American billionaires saw their collective net worth increase to $5 trillion during the pandemic, according to a new study from the Institute for Policy Studies.
US billionaires gained about $2.1 trillion in wealth since the pandemic began in March 2020.
That represents a 70% increase from their pre-pandemic net worth of just under $3 trillion.
All told, billionaire net worth increased to around $5 trillion between March 2020 and October 2021.
The number of billionaires in the United States also increased from 614 to 745.
The wealth held by those 745 individuals is more than 60% higher than the total wealth held by the bottom 50% of American households.
Rich get richer amid mass struggle:
The wealth boost came as countless people endured financial hardship during the pandemic.
Nearly 89 million people lost their jobs as a result of the virus and more than 40 million have been infected. More than 700,000 Americans have died from the virus.
Some billionaires were especially successful during the pandemic.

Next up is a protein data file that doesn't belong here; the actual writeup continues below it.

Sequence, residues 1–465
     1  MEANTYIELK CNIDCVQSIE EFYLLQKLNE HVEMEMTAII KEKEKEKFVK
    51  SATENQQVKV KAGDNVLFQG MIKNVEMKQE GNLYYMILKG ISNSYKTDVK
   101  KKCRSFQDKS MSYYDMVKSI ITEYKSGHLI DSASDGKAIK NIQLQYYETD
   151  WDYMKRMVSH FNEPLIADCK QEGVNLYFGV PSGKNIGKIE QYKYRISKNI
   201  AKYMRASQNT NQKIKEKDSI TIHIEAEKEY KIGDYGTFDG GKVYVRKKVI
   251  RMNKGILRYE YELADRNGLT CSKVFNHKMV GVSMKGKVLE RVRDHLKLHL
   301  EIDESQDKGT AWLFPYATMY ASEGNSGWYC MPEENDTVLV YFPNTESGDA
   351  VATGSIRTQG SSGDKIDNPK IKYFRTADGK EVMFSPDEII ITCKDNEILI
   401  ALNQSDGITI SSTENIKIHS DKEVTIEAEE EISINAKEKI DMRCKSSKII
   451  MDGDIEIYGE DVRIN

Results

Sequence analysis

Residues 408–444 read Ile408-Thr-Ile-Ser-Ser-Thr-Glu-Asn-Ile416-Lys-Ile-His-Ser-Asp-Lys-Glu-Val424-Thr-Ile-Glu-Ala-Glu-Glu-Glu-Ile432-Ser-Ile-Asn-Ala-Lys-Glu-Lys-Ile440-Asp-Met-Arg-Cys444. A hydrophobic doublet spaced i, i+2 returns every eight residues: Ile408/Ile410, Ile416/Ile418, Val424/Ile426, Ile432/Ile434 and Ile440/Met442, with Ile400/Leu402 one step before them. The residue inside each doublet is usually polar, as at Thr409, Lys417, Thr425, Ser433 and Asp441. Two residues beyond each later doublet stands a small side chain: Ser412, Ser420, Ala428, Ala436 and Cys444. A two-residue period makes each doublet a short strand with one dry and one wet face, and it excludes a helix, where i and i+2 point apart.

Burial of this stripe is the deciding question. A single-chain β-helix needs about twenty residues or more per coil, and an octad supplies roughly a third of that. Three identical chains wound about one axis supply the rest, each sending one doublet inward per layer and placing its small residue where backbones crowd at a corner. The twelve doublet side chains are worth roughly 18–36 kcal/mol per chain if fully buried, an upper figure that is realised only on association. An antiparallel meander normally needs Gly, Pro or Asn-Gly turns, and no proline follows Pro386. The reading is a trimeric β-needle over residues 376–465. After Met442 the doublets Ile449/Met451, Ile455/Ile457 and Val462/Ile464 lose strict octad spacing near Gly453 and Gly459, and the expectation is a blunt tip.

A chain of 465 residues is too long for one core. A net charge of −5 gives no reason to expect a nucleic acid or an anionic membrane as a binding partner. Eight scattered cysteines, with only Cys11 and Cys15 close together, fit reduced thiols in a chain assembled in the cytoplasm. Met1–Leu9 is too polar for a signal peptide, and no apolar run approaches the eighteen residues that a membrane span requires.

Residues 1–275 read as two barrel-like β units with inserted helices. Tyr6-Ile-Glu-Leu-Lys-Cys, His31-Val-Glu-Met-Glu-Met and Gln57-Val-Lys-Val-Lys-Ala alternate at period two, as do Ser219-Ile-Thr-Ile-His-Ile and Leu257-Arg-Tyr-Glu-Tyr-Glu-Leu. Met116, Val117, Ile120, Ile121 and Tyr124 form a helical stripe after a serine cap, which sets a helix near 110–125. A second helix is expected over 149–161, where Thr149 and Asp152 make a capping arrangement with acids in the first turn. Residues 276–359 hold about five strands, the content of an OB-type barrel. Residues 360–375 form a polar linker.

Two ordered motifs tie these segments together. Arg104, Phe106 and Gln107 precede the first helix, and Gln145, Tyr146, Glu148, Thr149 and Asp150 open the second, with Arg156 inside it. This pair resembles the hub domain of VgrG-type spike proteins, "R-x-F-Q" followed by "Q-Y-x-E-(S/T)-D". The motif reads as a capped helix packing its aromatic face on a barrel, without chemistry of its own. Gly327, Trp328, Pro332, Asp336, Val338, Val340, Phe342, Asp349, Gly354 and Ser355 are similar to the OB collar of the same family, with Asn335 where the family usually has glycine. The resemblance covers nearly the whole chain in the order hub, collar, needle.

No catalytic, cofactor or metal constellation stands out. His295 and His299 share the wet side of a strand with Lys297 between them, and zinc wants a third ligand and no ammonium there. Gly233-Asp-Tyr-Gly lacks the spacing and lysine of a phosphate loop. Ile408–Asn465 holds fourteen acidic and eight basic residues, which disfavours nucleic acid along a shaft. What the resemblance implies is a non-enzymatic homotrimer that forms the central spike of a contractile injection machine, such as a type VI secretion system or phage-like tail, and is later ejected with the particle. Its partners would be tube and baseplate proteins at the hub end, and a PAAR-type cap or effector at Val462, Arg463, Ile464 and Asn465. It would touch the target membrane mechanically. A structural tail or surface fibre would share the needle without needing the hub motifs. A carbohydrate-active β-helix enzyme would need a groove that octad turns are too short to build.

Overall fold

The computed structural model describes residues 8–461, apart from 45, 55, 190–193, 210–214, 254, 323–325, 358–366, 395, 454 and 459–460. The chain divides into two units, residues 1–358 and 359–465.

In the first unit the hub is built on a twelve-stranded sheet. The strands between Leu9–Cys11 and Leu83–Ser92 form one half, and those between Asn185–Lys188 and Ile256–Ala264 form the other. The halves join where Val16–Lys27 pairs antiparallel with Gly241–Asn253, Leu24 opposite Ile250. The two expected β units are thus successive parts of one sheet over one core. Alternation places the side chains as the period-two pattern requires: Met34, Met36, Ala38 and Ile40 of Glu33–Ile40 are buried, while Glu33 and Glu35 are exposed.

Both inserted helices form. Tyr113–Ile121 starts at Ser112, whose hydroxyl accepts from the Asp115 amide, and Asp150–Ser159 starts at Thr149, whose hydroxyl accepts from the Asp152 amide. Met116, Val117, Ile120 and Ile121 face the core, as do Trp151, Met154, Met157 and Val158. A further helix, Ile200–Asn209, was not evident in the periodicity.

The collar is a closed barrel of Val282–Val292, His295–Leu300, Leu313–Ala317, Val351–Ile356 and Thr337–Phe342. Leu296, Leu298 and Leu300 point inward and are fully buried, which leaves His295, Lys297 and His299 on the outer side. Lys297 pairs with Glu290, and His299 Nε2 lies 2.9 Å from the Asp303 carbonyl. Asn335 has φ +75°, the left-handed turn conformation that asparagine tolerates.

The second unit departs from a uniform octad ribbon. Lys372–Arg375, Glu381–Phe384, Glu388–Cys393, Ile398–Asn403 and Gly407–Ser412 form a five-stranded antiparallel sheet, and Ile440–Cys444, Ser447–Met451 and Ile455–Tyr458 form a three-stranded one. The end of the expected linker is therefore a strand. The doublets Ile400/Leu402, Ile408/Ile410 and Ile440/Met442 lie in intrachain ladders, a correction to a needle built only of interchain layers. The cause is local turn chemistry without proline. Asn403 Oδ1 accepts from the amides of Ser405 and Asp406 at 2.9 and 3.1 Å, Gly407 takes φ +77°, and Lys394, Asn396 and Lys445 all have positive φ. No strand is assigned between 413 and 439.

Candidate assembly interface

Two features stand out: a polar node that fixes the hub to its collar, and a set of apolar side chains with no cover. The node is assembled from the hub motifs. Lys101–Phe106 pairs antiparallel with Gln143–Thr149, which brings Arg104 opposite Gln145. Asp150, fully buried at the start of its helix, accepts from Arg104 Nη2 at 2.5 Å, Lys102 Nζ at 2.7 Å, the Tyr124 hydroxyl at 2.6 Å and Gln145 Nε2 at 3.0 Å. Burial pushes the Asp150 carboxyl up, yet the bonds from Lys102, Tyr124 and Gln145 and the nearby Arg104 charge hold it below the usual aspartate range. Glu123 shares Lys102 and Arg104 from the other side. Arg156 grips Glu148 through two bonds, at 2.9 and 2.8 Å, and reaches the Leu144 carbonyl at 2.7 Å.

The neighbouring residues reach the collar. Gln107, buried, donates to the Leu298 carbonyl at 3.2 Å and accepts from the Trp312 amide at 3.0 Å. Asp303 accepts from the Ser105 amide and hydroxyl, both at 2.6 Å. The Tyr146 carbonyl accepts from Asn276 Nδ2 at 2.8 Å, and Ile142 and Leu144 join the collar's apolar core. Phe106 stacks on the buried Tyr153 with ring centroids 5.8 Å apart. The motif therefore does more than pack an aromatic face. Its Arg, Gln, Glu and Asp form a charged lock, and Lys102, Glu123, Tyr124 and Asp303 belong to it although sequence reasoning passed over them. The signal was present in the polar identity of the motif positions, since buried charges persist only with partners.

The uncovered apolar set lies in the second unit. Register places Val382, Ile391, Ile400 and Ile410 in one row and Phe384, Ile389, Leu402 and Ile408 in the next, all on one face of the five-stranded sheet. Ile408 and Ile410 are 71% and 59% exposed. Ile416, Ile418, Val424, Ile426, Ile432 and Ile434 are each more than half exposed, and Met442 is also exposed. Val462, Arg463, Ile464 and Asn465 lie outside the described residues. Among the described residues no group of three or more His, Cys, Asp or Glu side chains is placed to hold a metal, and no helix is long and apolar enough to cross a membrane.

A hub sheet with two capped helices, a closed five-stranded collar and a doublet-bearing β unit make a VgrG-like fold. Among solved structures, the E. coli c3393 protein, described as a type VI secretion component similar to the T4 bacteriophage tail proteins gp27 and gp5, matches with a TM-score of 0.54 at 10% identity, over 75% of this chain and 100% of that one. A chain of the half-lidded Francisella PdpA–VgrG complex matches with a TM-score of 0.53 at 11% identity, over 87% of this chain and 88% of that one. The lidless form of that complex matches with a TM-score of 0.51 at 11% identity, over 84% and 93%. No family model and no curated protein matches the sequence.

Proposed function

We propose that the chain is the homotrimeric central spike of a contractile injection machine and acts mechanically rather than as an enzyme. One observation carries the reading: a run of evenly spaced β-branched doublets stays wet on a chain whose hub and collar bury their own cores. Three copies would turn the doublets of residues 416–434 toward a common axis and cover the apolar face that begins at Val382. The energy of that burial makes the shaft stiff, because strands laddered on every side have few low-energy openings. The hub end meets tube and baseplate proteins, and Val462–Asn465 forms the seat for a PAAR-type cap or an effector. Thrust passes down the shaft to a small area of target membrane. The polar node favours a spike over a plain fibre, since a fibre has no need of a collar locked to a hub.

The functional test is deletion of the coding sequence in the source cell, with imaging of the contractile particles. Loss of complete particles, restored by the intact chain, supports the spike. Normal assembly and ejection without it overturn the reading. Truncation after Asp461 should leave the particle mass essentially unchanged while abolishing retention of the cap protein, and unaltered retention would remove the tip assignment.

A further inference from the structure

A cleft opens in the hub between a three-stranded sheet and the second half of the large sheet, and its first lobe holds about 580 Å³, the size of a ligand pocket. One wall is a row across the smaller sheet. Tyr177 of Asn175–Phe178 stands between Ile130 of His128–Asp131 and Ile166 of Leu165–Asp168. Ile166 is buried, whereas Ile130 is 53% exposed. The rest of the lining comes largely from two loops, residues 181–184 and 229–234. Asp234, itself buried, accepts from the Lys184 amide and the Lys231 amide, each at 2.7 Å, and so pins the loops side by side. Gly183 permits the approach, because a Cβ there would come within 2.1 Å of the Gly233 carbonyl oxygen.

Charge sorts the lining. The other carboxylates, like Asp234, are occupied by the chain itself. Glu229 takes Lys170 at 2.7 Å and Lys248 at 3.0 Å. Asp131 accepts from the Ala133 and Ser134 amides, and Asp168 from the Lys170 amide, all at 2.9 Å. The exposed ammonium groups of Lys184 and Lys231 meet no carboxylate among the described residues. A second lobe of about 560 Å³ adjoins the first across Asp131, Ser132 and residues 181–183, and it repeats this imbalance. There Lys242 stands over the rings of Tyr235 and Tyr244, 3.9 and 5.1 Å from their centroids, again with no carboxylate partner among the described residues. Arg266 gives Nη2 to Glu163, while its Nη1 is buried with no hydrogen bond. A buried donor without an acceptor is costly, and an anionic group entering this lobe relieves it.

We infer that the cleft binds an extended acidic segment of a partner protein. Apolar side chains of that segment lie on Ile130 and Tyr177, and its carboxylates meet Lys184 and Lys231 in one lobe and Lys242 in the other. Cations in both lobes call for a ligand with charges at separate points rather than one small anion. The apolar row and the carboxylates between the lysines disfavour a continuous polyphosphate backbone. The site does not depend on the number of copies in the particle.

Amazon founder Jeff Bezos’ fortune grew by 70% to $192 billion.
But Tesla founder Elon Musk rocketed past Bezos on the richest person list with his net worth growing by 800% to $209 billion.
Google founders Sergei Brin and Larry Page saw their combined worth grow by 137% from $100 billion at the start of the pandemic to $237 billion in October.
Calls for billionaire tax:
The study lends additional data to bolster calls to tax the uber-wealthy.
Most of these billionaires’ gains will “go untaxed under current rules and will disappear entirely for tax purposes when they’re passed onto the next generation,” according to the Institute for Policy Studies.
Sen. Ron Wyden has introduced a bill that would create a billionaire tax that would only apply to about 700 households. The tax would apply annually to tradeable assets like stocks, funds, and derivatives and tax non-tradeable assets when they are sold.
“On average, billionaires pay an effective federal income tax rate of about 8 percent when the increased value of their stock is counted,” the Institute for Policy Studies said, noting that billionaires pay lower tax rates because most of their wealth comes from investments rather than a salary and a capital gains tax rate that is much lower than the income tax rate.